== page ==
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Text and Photos ©2017 by J. Pint

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On the trail to Tequilizinta

 On the well-maintained, easy to follow, two-kilometer-long trail to the former ghost town of Tequilizinta.

Waterfall on Tequilizinta trail, Jalisco, Mexico

Waterfall and cave visible from the hiking trail.

Machu Pichu style trail

The last part of the trail is a steep incline up to the mesa.

John Pint, Rodrigo Orozco and Chris Lloyd

John Pint (left), Rodrigo Orozco and Chris Lloyd receive a friendly welcome at the entrance to Tequilizinta Mesa, located 30 kilometers west of Guadalajara above the lush valley of Santa Rosa.

Abandoned house at Tequilizinta

An abandoned house on Tequilizinta Mesa.

 Luis Rojas at the mirador

Luis Rojas at the mirador above the Santiago River.

Pool at Las Pilas

Room temperature spring water flows into one of four pools at Las Pilas.

Maruca González and Luis Rojas in pool

Maruca González and Luis Rojas soaking in a pool after a long, hard, hot hike.

Glowing cloud over Tequila Volcano

Glowing cloud over Tequila Volcano, by John Pint.


Caves beneath the dunes? Check out our Saudicaves page:







The Ghost Town above the Santiago River

By John Pint

Rodrigo Orozco at Tequilizinta mirador“I’m looking for a little-known obsidian deposit at a place called Las Pilas,” said geologist Chris Lloyd. “Want to come along?”

Our neighbor Rodrigo Orozco decided to join the hunt and off we went the next day to Santa Rosa Valley, located about 35 kilometers northwest of Guadalajara and 9 kilometers north of Amatitán.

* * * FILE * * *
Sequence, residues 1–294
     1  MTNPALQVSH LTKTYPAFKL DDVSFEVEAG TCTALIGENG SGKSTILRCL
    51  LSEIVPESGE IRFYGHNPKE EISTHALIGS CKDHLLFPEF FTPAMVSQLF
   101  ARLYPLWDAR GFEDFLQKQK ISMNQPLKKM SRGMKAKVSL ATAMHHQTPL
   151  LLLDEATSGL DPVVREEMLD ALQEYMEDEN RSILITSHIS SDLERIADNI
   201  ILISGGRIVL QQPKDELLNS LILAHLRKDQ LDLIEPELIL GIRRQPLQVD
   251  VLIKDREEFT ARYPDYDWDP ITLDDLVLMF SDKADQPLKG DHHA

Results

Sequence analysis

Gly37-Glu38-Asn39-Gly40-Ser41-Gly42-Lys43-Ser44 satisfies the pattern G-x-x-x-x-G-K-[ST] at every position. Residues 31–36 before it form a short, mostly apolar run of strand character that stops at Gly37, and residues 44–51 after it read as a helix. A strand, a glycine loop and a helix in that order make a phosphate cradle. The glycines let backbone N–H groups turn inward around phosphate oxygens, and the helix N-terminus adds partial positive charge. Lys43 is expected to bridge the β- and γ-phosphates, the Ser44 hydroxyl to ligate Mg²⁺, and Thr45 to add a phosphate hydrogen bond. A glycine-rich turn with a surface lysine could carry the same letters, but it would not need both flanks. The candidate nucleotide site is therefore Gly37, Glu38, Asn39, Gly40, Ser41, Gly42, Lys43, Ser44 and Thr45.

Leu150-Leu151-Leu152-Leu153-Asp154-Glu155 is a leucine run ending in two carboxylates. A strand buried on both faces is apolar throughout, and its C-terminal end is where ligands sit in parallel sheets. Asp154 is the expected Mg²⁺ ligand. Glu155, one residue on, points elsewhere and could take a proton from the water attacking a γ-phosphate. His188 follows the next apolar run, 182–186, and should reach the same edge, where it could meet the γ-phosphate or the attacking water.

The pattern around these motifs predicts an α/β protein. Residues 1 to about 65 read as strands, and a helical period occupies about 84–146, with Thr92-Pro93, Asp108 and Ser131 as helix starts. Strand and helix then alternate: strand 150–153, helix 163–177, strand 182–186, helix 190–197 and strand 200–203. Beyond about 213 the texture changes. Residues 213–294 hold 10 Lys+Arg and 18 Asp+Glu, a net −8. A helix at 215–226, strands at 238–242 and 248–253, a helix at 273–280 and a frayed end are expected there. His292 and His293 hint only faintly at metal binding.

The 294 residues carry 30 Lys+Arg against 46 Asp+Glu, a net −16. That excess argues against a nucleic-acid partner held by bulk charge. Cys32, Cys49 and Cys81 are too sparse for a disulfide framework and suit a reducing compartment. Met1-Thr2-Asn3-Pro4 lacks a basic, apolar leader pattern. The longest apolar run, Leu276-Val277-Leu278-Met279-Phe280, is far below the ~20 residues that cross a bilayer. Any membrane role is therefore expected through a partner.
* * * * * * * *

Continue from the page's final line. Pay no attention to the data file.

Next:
We ended up at a balneario, entirely deserted. ˇClaro que sí! Everyone had gone off to the celebration at Chome, of course.

Just below Balneario Las Pilas was a gate. “I know this place,” I told Chris. “It’s the gate to a tequila distillery called La Taberna...and it also marks the trail head for hiking to the curious ghost town of Tequilizinta Mesa.”

Back in the 1980’s, my caver friends and I had met Don Guadalupe Hidalgo, “the last resident of Tequilizinta,” where a small religious community had once flourished, believing this mesa to be one of the seven places that will be spared at the end of the world. But one day, Don Guadalupe had told us, everyone in Tequilizinta went off to follow a new Messiah, leaving him all alone, until his death in 1995.

Don Guadalupe guided us to Las Cuevas Cuatas, two volcanic caves in a sheer cliff wall just beneath the mesa. These turned out to be the only lava tubes we have ever found in Jalisco, as well as the subjects of a few fascinating legends.

The trail to Tequilizinta is two kilometers long. We found it in excellent condition, immediately suggesting that the ghost town may now be inhabited. Just 270 meters past La Taberna, we first heard and then saw a big waterfall on the opposite wall of the long arroyo below us. Local people say that what’s visible from the trail is only the upper half of a very tall and impressive cascade.

View from trail to Tequilizinta

View of the Santiago River Canyon from the Tequilizinta trail.

A little farther along the trail, a dramatic view of the Santiago River Valley opens up, a truly impressive sight. All the while, of course, Chris was checking out the rocks and not discovering obsidian. But we were now very close to Tequilizinta, so we decided to go have a look.